A changing value through the vertices of each frame
(with or without a trailing underscore)
The animated versions of these operators take initial (first frame) and final (last frame) parameters and the change between them is distributed through the frame_set. These animated operators make vector frames move or change size over a series of frames.
math displacement 0.0 0.0 0.0
math factor 1.0 1.0 1.0
math fulcrum 0.0 0.0 0.0
math rotation 0.0 0.0 0.0
math _displacement 0.0 0.0 0.0
math _factor 1.0 1.0 1.0
math _fulcrum 0.0 0.0 0.0
math _rotation 0.0 0.0 0.0
math _move
math _scale
math _rotate
These animated operators and final state parameters have leading underscores.
The animated operators "_move", "_scale" and "_rotate" transform each frame in a frame_set with an effect that starts with the initial parameter values for the first frame and transitions to the final parameter values of the last frame through however many frames there are in the last frame_set added to the registers.
The operator "_move" creates a new frame_set by adding every vertex in every frame to the xyz values of the transitional parameter ( displacement > _displacement ). This is an incrementally changing value for each frame calculation.
The operator "_scale" creates a new frame_set by multiplying every vertex in every frame by the xyz values of the transitional ( factor > _factor ).
The "_rotate" operator creates a new frame_set by rotating every vertex in every frame around ( fulcrum > _fulcrum ) xyz position by ( rotation > _rotation ) xyz units of rotation on each axis.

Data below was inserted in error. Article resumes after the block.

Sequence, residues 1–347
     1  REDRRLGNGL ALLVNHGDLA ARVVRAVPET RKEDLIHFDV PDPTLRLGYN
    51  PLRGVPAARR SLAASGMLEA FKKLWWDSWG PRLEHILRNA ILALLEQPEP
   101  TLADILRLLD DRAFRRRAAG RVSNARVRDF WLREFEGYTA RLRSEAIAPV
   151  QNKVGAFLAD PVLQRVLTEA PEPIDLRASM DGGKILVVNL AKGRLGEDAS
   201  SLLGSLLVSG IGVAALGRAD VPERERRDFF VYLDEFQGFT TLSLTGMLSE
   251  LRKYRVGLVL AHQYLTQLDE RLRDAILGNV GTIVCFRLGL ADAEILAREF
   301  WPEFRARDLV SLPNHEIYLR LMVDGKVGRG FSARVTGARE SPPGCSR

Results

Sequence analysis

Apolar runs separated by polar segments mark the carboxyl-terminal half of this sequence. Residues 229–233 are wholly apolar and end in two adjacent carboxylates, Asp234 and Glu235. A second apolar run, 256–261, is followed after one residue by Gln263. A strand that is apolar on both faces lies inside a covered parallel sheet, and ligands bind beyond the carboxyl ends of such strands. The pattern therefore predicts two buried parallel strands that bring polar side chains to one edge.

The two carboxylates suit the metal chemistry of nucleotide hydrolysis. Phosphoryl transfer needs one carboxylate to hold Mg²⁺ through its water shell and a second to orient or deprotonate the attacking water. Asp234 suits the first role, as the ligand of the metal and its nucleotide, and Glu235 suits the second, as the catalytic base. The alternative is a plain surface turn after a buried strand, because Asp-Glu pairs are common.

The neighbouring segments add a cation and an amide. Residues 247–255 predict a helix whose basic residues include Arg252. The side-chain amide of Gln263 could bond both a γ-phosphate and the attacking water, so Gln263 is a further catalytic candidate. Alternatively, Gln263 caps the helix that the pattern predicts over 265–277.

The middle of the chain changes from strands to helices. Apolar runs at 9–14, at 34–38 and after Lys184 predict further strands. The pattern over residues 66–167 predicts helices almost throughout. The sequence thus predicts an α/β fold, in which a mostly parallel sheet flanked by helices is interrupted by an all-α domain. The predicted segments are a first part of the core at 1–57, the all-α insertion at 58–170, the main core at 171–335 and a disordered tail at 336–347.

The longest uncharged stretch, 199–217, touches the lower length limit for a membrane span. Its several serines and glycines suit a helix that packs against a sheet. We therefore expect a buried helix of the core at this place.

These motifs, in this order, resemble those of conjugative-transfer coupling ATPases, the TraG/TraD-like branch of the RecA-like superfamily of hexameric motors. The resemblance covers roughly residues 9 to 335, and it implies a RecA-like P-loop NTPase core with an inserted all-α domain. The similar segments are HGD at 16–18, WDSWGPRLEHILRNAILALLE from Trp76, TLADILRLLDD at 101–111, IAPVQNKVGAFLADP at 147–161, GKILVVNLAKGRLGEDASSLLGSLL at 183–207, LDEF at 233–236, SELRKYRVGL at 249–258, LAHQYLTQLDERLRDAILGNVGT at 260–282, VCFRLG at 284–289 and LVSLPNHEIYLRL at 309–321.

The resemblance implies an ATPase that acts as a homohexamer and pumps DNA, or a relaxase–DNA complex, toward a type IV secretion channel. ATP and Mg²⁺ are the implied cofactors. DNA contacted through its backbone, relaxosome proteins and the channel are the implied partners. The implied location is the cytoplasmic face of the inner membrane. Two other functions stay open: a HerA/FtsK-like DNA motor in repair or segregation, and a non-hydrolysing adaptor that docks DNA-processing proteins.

The animated forms of these unary operators also begin with an underscore to indicate a changing effect through the set of frames.
math _move_
math _scale_
math _rotate_
The "_move_" operator does a move_ on each frame with a transitioning parameter of ( displacement > _displacement ).
The "_rotate_" operator does a rotate_ on each frame with transitioning parameters of ( fulcrum > _fulcrum) and ( rotation > _rotation ).
As shown above with the "_scale" operator:
math factor 1.0 1.0 1.0
math _factor 1.0 1.0 1.0
math _scale
This notation (with and without a LEADING underscore character) indicates the change in scaling factors from the first to last frame in the frame_set.
The animated operator "_scale_" uses all four "positions" of the parameter "factor".
math factor 1.0 1.0 1.0
math factor_ 1.0 1.0 1.0
math _factor 1.0 1.0 1.0
math _factor_ 1.0 1.0 1.0
math _scale_
That is a scale_ from ( factor > factor_ ) for the first frame in the frame_set to a scale_ of ( _factor > _factor_ ) for the last frame in a frame_set.
The parameters that _scale_ uses for each intermediate frame in a frame_set are:
factor > factor_ (first frame initial and final scale_ factors)
 
  (intermediate values for both initial and final per frame)
V V
_factor > _factor_ (last frame initial and final scale_ factors)
By default, all of these "spread" operators do their effect within a frame in a linear fashion.
Each vertex gets the same (constant) incremental change of (1 / iterations).
# move, scale or rotate each vertex by:
# vertex_index // changing number
# * (1 / iterations) // times an equal portion
# * parameter // of parameter
But it is possible to accelerate or decelerate the effect of the change.
math move_acceleration 0.0